Oh fecking please. Many foreigners who work in the US pay into Social Security and Medicaid but can never access these services because they are foreigners. So in other words, they are paying for your ass and other Americans as well while they are not entitled to those services so please don't complain like you are the only one being taxed too much.
As previously stated, ayep. I am a selfish slob. I don't pay into Social Security, so therefore I don't collect any, nor will I. Therefore, I could care the fcuk less about Social Security.

Now, as a "foreigner." Have your wife come to this country and have a child. They are AUTOMATICALLY a US Citizen. As that the case in the UK? HELL NO.

You can come here, walk into the hospital and get FREE medical care. Not cost you a dime; as a foreigner. I PAY FOR IT. NOT YOU. Can I go into a hospital in London, as a foreigner, and get free medical care? HELL NO. I am going to be billed and I have to carry health insurance, which will cover me in the UK, et al, when I travel.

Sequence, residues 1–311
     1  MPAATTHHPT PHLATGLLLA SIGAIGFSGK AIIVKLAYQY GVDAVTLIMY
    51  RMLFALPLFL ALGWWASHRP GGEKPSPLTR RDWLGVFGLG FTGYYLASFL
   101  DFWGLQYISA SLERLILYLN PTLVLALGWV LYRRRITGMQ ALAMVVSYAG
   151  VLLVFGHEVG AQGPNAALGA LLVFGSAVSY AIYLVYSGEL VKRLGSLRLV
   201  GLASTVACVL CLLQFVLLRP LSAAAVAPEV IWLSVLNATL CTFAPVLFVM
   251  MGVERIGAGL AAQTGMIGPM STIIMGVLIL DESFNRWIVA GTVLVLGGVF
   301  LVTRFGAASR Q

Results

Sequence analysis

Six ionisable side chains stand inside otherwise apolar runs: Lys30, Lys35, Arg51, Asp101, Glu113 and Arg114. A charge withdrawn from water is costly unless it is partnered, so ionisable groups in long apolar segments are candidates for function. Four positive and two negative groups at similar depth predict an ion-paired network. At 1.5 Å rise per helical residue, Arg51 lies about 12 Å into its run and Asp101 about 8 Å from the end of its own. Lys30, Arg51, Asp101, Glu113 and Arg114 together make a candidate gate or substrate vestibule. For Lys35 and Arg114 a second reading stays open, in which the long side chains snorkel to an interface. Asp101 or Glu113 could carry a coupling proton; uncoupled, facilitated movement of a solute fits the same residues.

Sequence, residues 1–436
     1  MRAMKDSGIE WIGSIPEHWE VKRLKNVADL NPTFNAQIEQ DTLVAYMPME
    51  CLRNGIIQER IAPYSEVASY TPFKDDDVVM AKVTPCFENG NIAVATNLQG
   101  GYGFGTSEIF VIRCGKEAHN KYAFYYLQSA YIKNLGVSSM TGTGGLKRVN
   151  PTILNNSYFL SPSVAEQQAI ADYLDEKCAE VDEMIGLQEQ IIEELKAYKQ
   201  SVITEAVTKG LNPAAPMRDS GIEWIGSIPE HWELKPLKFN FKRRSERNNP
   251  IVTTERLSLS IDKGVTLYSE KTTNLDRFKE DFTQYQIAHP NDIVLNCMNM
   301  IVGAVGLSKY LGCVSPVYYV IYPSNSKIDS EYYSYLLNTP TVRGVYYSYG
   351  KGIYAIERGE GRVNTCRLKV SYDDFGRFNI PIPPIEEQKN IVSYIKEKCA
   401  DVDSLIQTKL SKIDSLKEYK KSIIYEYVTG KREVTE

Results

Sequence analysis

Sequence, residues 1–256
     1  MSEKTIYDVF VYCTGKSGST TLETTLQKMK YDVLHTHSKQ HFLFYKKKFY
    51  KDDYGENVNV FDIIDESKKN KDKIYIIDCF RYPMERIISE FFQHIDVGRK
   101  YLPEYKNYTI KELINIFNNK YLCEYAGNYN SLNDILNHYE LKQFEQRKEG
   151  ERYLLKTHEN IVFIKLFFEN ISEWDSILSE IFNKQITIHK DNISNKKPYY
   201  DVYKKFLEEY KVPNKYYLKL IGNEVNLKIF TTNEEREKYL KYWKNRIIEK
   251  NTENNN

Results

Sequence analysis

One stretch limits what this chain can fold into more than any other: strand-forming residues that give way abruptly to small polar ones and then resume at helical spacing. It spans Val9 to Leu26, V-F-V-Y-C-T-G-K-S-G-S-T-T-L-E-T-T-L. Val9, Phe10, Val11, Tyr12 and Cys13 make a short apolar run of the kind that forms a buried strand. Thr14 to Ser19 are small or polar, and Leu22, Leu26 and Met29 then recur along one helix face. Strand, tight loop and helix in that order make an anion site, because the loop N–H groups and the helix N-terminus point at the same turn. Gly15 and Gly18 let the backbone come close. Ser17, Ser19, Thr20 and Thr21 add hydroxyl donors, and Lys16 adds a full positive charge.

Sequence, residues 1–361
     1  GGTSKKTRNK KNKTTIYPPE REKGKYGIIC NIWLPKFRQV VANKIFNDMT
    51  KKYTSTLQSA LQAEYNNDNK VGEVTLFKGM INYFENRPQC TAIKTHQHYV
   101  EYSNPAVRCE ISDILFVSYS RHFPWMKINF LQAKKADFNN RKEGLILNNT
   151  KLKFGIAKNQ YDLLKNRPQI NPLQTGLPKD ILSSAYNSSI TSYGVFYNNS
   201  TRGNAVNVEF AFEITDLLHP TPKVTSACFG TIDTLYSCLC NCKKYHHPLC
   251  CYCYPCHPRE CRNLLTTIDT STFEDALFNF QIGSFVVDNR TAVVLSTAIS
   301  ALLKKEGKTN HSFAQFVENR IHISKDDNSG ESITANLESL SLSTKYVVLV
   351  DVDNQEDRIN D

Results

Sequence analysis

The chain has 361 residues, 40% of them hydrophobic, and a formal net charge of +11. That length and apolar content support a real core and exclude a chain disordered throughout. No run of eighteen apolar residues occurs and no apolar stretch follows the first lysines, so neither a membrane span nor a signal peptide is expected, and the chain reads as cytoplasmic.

So please, don't tell me about taxes, costs, etc. You come here, you won't pay for jack. I go there, I'll be paying for everything.
 
#10
You can come here, walk into the hospital and get FREE medical care. Not cost you a dime; as a foreigner. I PAY FOR IT. NOT YOU. Can I go into a hospital in London, as a foreigner, and get free medical care? HELL NO. I am going to be billed and I have to carry health insurance, which will cover me in the UK, et al, when I travel.

So please, don't tell me about taxes, costs, etc. You come here, you won't pay for jack. I go there, I'll be paying for everything.
What absolute crap. You should travel more and read the Enquirer less.
 
#11
Phil306 said:
I love the 'hard ass' rhetoric. Real tough guy, letting elderly and children down to no options. What a man, a real John Wayne you are.

"Life is hard and sometimes it ain't fun". Good to hear you say that, when your taxes go up to fund this remind yourself of that instead of whining about it. Or is that only a one way statement as long as it ain't you whose 'life is hard' or 'no fun'?
Absolutely correct. Do you really think I care about them? No. I don't. I admit it. I've never denied I am selfish, self centered, in it for me slob. I know my faults and I don't hide behind them.

I've worked my ass off since the age of 15. No, I am not saying I am the only one who has done this. However, its been 30 yrs of paying taxes for welfare recepients, people who smoke and end up in hospitals on my